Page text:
The Austro-Marxists failed. Marxism after 1918 followed the Bolshevik path, which accepted national difference as a matter of objective cultural identity that was to be recognized and valued but always subordinated to the higher priorities of socialism. However, Bauer’s idea that national consciousness was rooted in communication was taken up by non-Marxist social science. Karl Deutsch, not coincidentally an émigré to the USA from the former Habsburg Empire, moved away from the organic, romantic language of Bauer (‘communities of fate’) to explore the relationship between nationalism and ‘social communication’.20 In the early 1980s the two most important contributions to a modernist social-science understanding of nationalism, by Ernest Gellner and Benedict Anderson, elaborated on this relationship between communication and nationalism. Gellner highlighted the impact of industrialism on communication, or what he called ‘culture’, while Anderson emphasized ‘print capitalism’ and its capacity to generate imaginings of national community. Subsequent debates about nationalism are responses to these arguments, seeking variously to deepen and expand them, to challenge them by disputing the modernity of nationalism, and to move beyond them to postmodern arguments about nationalism as discourse.21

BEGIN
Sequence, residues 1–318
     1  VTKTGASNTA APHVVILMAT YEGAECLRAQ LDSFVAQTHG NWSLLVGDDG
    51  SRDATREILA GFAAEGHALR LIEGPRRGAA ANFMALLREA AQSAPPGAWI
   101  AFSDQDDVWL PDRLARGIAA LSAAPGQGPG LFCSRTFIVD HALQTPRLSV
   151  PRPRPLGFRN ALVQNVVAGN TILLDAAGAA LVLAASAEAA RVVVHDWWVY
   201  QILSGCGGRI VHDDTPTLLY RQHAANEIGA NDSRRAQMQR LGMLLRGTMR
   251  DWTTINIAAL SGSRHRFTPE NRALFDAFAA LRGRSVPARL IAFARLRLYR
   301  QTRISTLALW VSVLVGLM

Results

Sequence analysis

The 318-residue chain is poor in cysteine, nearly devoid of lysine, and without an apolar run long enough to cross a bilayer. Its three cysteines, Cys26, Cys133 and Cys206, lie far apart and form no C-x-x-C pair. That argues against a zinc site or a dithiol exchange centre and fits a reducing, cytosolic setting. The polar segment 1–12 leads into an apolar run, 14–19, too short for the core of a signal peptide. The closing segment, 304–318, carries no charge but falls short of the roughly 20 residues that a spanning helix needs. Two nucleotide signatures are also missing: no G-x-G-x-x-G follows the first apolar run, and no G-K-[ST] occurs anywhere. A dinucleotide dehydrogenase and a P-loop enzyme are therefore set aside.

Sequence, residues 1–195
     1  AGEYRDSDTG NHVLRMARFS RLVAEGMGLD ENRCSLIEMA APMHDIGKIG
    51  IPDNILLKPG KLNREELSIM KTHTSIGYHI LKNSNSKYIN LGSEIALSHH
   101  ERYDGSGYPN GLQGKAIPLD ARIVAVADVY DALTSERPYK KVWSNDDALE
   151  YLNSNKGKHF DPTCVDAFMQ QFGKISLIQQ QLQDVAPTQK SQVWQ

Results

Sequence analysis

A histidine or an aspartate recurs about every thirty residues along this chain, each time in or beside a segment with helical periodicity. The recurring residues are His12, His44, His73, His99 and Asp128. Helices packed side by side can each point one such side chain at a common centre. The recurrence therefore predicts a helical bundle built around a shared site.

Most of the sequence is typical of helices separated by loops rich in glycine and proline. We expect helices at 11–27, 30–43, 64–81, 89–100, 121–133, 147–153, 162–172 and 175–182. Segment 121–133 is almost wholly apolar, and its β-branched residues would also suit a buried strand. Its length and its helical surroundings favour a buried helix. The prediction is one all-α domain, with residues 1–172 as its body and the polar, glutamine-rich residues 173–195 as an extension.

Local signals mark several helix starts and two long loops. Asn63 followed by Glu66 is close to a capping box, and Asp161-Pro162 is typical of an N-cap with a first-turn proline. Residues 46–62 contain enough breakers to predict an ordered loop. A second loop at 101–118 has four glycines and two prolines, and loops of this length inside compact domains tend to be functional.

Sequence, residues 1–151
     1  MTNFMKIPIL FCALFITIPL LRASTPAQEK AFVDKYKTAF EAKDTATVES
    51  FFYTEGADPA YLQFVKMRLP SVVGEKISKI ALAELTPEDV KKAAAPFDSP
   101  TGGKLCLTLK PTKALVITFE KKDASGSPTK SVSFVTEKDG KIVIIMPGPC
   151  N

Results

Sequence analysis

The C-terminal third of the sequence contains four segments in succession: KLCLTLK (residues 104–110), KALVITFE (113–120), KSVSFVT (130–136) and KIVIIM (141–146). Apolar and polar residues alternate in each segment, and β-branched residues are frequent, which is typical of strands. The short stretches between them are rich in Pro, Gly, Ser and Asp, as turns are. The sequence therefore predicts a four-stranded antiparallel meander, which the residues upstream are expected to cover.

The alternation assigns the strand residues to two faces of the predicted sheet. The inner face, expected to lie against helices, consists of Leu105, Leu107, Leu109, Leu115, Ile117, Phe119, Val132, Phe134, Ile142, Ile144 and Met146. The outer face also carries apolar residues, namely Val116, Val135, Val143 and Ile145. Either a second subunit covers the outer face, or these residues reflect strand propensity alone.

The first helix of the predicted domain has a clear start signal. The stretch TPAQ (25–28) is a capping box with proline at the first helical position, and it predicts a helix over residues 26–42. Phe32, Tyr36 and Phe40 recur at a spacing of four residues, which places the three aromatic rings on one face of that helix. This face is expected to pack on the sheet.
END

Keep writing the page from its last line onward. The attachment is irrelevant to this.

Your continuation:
However, little of this debate engages closely with historical research. The preoccupations of most social scientists are with contemporary issues and they see little need to ground these in a deep historical perspective. If nationalism is understood, for example, as an ideology used instrumentally by elites, one needs to concentrate upon those elites and their interests. Political-science studies of contemporary ethnic conflict generally construct mass datasets that are used to test for relationships. Apart from neglecting (p. 5) history, this approach is often suspicious of narrative history, regarding it as an arbitrary selection of anecdotes that cannot be subjected to scientific tests concerned with causal explanation.